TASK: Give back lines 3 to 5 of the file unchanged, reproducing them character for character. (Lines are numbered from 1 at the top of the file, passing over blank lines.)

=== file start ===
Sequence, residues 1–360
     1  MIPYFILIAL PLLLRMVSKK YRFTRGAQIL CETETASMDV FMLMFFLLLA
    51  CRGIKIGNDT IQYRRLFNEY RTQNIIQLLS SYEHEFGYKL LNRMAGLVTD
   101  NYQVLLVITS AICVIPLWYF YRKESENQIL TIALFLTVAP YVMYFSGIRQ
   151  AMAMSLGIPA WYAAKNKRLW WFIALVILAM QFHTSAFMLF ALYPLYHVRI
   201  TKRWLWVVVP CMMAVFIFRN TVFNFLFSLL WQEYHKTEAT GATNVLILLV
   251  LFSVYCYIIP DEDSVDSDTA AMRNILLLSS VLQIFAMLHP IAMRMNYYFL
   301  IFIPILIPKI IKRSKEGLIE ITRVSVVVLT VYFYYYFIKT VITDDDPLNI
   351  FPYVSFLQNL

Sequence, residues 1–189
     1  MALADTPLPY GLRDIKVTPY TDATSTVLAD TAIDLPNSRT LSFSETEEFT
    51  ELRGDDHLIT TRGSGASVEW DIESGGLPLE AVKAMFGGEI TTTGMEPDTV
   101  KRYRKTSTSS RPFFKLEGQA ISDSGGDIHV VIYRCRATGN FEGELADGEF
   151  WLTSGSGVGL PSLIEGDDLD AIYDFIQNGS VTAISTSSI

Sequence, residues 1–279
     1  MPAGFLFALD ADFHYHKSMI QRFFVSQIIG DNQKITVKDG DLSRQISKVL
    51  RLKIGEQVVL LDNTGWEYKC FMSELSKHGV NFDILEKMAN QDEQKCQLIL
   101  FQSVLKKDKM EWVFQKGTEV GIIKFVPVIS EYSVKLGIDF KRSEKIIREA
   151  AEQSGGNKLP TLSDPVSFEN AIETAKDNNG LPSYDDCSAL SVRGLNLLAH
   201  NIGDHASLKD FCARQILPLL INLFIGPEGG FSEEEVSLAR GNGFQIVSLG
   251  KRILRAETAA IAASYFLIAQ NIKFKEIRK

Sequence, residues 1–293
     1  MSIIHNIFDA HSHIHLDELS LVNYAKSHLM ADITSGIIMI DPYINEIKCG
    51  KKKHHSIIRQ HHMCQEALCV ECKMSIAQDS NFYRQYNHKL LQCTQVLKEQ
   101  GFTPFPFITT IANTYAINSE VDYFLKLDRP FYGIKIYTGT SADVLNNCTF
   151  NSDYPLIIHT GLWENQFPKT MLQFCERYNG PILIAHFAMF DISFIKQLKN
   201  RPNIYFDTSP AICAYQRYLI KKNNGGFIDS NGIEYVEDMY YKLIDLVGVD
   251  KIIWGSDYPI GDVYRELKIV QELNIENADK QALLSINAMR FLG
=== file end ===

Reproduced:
    51  CRGIKIGNDT IQYRRLFNEY RTQNIIQLLS SYEHEFGYKL LNRMAGLVTD
   101  NYQVLLVITS AICVIPLWYF YRKESENQIL TIALFLTVAP YVMYFSGIRQ
   151  AMAMSLGIPA WYAAKNKRLW WFIALVILAM QFHTSAFMLF ALYPLYHVRI